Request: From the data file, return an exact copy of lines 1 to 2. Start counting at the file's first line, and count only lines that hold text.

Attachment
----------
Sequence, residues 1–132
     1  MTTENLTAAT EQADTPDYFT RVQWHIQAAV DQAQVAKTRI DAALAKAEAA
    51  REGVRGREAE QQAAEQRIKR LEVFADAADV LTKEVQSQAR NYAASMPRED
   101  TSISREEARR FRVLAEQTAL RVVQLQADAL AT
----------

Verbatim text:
Sequence, residues 1–132
     1  MTTENLTAAT EQADTPDYFT RVQWHIQAAV DQAQVAKTRI DAALAKAEAA